A new business indicator for enterprise 2.0

By | 07/12/2008

Traditional business is usually a vertical one: companies buy raw material, assemble them, and create products and / or services which they deliver to customers. Even Google, one of the most recent powerful enterprise, is following this model : Google buys computers, adds an algorithm, and deliver a set of services (this is of course a simplified vision, but not a wrong one). The innovation of Google relies in its business model: the core service (the search engine) is free, while the peripheral service (advertisment) is paid. But it is not a paradigme shift.

However, there are some interesting little signals of traditional industries moving from this vertical model to another one: an enterprise who manages a market place. Here are a few exemples.

  • A traditional auctioner sells goods to people. Ebay creates a world wide community of people who trade together.
  • A traditional bank loans money coming from its suppliers to their customer. LendingClub, like many other social lending companies (Prosper, virginmoney, zopa, ppdai, dhanax, fynanz, etc..) creates a marketplace where people loan to other people.
  • A traditional major record musics from artists, and delivers it to customers. Sellaband, like many other sites (SliceThePie, spidart, indiegogo, etc…), creates a platform for people to invest into music, or film, and get revenus on the sale of the album, or the movie.
  • A traditionel telecommunication operator buys products to create a network infrastructure to sell minutes, or bandwidth, to customers. Fon creates a marketplace where people do exchange their Internet access.

The underlying business is not yet huge. The social lending market was 647M dollars in the US in 2007. Not big, but it was 269M in 2006; a very good progress. Could this move amplify ? Well, there is no reason it could not, except if traditional businesses, or the regulator (when not the two..) fights againts this; the social lending space has been recently shaked: Zopa is closed in the US, Prosper halts operations, all because of non compliance to SEC regulation. Only LendingClub resists so far.

But I still believe that this move may generalize. I recently discussed with a retail brand who sells food products in many shops over the country. The trend is there: customers want fresh products coming from less than 100 miles away. Well, what happens if, economic crisis helping, people start producing fruits, vegetables, in their own gardens. What happens if the retailers becomes an intermediate between, on one side, his customers-consumers, on the other side, his customer-producers ? He then starts a local market place…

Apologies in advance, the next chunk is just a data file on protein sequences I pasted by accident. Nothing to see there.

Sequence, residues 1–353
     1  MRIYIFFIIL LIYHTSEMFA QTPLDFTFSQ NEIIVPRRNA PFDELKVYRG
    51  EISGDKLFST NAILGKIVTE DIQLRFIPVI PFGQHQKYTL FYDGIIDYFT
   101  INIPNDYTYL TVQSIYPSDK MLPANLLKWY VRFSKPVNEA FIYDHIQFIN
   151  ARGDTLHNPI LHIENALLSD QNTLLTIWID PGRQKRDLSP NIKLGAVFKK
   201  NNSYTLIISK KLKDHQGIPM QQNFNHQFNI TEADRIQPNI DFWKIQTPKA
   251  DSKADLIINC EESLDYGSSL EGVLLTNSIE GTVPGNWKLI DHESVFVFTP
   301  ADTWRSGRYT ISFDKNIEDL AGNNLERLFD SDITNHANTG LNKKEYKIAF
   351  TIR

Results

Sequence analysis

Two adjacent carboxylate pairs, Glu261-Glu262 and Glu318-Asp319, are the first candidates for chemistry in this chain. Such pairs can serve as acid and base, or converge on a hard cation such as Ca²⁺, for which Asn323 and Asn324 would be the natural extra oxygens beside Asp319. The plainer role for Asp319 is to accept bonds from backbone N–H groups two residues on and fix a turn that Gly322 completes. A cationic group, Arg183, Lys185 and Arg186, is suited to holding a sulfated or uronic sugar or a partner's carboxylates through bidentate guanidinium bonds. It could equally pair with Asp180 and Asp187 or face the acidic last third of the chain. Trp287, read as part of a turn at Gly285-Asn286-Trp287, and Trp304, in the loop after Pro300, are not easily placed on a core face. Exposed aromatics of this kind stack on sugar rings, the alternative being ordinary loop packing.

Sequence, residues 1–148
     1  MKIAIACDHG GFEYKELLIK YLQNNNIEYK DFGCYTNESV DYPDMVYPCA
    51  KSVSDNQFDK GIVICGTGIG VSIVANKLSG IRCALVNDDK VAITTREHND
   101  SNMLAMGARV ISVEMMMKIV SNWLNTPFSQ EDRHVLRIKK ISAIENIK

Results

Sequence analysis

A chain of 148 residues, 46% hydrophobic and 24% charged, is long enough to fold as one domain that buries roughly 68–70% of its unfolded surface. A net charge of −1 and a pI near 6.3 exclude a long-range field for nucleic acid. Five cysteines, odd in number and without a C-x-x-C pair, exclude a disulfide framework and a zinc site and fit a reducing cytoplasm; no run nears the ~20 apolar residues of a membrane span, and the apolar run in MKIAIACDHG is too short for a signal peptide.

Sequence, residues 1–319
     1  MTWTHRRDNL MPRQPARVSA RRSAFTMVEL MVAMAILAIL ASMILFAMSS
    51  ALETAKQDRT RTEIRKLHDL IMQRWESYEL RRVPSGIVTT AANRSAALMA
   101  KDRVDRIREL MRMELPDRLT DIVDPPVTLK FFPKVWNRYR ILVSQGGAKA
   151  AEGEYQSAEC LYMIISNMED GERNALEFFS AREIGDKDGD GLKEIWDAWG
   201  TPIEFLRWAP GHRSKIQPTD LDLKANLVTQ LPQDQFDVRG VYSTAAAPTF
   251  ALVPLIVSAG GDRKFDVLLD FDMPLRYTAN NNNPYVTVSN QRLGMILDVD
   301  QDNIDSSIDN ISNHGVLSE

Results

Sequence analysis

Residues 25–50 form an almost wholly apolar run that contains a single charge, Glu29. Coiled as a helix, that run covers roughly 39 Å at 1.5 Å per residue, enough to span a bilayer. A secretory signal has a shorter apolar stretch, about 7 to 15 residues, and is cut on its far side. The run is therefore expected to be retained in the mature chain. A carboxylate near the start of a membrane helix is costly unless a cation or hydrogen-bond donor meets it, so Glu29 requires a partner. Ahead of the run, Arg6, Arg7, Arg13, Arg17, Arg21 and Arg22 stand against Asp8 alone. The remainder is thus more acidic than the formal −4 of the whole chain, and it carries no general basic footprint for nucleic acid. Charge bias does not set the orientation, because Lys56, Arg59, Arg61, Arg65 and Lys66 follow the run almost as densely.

Therefore, I would propose to work on a new economic indicator of a “Enterprise 2.0” : the ratio of the horizontal money which flows between customers, to the revenue of the company. This indicator shows how many dollars are exchanged between customers in the marketplace for one dollar of revenue.

There is a case where this indicator can be easily computed: when a company earns a percentage of a transaction, the indicator is the reverse of the percentage. If we assume that ebay is a company which earns 2,5% as an average, the ratio is 40.

Linden Lab is another interesting company: if we assume that it generated 40 M dollars of revenu in 2007 (my guess after talking to them), and if we assume the SLifers exchanged 400 Millions dollars, the ratio is 10. Not bad.

On the other side of the scale, a traditional telecommunication operator, though delivering a service which is personal communication between people, is totally unable to generate any financial flux between his customers. I once proposed to a telco to create marketplaces where customers could exchange SMS, or even trade phone minutes. The answer was “are you crazy? We do not want to see a decrease in our revenues”. For telcos, the ratio is zero…

Interestingly, in traditional business, companies who already do trading between customers want a high percentage, therefore a low ratio.

The indicator I propose does not mean a low percentage, but rather the capacity to create a dynamic marketplace between customers.

It is a totally new approach.


6 thoughts on “A new business indicator for enterprise 2.0

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  5. Briac

    telcos are usually monopoly (well, it’s an oligopoly but everyone know they collude…)
    Basically if you can resell their product, they won’t be able to do price-discrimination policy and generate the best profit through, while producing at the best output. (i.e businessman can’t resell his cheap data minutes to a student in exchange to cheap sms)
    Therefore, if resell is enabled, the monopoly will exclude price-discrimination and will work with a single über high price policy where he’s able to get his supernormal profit, and will have an excess capacity, so our country will produce inefficiently, and as customer and citizen, we loose. If you wanna have marketplace where customers trade minutes and SMS, which is a brilliant idea, first we’ve to kick some ass in the telco business and get a bit more competitive. It seems to me that when orange-bouygue-sfr collude, they still get a ridiculous fee.

    I like your model though, it’s a really clear indicator, you should mix it in some way with the Herfindahl index to have an indicator on the competiveness of this offer (sum of all squared market shares, to indicate the level of competitiveness, the lower the better.) Indeed, if the ratio of how they transform money flow into revenue is interesting, it would be even more interesting to know how much they can do it in a competitive situation :)


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